The concept of sexual harassment is a relatively new term that started in the 1960's even though sexual harassment existed way before the term was first used. While thirty years is a relatively short time the topic had drawn a great deal of interest from academic to legal scholars. Many of them believe that sexual harassment is more about power than it is sex.
Sexual harassment is making an unwanted and offensive sexual advances towards another employee or promising promotion or continued employment. It can be verbal including remarks, nicknames, asking personal questions, non-verbal involving photographs, whistling or it can be physical which involves pinching, brushing against them or sexual assault. In all of these cases the attention is not asked for, is not welcomed and the recipient feels less of themselves. Often times the harassment is disguised by jokes or teasing, but it always feels threatening to those on the receiving end. It is possible for harassers to be unaware of their behavior; they may believe that they are just being funny and friendly. However, the important part is how the recipient feels about himself or herself afterwards. .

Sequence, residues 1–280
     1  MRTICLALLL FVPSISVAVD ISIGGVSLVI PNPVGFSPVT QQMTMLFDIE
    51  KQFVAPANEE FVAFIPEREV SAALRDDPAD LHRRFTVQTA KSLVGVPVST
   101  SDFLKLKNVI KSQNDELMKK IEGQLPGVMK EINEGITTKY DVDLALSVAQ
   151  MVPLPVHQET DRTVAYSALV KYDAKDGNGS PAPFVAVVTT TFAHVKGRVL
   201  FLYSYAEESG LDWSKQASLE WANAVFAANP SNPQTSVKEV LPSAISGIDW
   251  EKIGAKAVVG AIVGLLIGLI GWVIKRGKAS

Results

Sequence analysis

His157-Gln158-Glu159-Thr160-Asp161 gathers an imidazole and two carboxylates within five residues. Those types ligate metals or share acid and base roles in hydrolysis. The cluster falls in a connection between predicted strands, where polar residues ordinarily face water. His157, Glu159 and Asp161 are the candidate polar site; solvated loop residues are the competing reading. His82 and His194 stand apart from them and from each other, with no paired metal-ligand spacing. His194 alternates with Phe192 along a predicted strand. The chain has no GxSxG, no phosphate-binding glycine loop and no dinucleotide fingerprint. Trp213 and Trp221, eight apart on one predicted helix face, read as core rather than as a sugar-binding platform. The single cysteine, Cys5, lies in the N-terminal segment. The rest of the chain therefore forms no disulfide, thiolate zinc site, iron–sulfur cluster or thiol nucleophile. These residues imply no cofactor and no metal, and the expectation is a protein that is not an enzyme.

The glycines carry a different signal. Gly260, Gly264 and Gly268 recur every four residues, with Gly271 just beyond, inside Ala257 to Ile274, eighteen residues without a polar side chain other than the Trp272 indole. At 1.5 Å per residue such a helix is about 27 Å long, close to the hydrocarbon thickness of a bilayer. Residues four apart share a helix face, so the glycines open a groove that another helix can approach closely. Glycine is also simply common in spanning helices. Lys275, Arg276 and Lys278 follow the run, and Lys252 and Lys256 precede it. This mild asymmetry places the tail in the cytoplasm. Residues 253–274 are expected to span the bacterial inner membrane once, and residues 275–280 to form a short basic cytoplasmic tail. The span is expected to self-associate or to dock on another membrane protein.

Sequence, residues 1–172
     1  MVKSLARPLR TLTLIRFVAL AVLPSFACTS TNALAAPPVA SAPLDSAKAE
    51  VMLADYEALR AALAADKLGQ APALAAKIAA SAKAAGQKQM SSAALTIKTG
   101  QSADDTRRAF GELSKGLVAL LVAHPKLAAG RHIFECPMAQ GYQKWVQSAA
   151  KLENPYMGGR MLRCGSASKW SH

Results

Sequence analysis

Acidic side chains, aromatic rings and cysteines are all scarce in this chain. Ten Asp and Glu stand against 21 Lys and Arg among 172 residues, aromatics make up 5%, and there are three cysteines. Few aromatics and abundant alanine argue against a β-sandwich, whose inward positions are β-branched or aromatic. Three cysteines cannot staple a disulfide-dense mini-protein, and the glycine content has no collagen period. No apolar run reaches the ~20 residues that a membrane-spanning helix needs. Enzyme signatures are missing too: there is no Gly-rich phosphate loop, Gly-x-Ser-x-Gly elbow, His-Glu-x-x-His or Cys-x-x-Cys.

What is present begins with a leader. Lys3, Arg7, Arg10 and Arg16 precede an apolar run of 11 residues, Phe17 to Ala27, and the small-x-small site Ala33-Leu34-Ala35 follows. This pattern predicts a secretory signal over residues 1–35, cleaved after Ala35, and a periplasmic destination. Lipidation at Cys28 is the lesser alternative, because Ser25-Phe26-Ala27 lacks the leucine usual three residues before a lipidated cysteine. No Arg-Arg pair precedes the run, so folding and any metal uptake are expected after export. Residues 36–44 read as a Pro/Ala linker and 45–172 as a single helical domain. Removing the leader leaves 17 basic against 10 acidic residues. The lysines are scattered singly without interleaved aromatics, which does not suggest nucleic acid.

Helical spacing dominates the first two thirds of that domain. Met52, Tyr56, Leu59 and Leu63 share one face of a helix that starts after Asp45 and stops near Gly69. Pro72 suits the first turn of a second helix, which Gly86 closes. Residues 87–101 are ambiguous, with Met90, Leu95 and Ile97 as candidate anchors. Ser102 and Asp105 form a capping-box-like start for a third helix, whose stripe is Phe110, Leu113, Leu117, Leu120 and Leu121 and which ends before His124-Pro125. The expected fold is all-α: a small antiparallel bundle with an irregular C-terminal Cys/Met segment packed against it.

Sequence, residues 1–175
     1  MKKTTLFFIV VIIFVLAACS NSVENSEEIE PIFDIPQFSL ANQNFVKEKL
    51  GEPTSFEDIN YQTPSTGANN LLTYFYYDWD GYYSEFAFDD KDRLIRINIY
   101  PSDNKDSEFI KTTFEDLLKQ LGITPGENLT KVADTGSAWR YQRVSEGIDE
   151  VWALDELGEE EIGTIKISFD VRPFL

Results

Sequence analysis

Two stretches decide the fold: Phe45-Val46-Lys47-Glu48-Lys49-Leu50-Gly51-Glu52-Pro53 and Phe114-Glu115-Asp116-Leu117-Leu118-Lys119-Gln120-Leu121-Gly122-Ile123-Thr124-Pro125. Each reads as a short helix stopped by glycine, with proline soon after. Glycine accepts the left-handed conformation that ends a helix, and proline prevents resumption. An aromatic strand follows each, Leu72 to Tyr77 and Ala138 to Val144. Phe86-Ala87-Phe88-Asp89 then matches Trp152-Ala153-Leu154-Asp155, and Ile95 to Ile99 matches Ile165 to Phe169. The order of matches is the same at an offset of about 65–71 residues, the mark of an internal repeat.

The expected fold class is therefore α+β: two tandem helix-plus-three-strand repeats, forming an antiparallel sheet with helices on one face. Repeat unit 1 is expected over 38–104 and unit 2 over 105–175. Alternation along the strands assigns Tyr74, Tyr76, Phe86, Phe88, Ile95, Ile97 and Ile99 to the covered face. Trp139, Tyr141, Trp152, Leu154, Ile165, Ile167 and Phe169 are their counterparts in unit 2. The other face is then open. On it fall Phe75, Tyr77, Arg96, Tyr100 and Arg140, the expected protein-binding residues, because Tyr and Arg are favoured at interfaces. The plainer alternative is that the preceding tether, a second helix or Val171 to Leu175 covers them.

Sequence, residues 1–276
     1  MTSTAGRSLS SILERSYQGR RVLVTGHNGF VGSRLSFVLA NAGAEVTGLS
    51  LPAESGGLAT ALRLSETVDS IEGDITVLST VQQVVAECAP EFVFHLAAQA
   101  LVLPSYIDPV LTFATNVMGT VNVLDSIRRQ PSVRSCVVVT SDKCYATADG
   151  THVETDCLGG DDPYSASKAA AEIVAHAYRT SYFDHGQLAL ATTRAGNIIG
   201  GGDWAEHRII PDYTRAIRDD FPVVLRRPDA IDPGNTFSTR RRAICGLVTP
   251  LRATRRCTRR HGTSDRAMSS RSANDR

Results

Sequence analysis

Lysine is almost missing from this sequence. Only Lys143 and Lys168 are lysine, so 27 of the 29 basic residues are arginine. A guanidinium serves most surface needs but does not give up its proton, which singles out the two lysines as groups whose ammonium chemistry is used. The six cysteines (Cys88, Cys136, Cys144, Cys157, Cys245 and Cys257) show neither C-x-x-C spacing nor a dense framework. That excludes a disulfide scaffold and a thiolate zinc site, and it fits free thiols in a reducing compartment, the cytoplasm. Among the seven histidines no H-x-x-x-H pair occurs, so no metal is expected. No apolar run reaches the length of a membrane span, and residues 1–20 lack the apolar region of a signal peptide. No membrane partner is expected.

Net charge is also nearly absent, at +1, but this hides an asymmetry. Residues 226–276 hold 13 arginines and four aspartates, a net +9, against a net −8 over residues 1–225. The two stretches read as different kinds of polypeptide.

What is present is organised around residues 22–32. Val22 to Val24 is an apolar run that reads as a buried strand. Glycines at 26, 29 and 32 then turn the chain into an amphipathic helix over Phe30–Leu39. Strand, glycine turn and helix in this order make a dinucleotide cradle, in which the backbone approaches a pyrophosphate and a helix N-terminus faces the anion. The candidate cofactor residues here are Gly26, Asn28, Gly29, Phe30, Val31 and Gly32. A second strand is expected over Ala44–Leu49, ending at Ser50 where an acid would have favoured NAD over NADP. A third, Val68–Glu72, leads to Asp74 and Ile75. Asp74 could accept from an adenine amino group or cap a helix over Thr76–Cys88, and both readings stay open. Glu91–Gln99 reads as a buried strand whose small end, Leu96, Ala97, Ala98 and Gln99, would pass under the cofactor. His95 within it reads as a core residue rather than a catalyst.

Much research has been done and it has been found that men and women interpret sexual behavior differently. Women are much more likely than men to label a given situation as harassing. Men report that they would be flattered by sexual harassment at work, while women report that they are annoyed by the same behavior. Researchers are starting to turn from studying sexual harassment as a problem between individuals to a problem with the company. Harassment is more likely to happen in an environment in which employees perceive that management would not take victims seriously or where administrators do not enforce anti sexual harassment policies against offenders. Factors like the status or women in the organization, women in general and the acceptance of non-professional behavior may all contribute to sexual harassment in the workplace.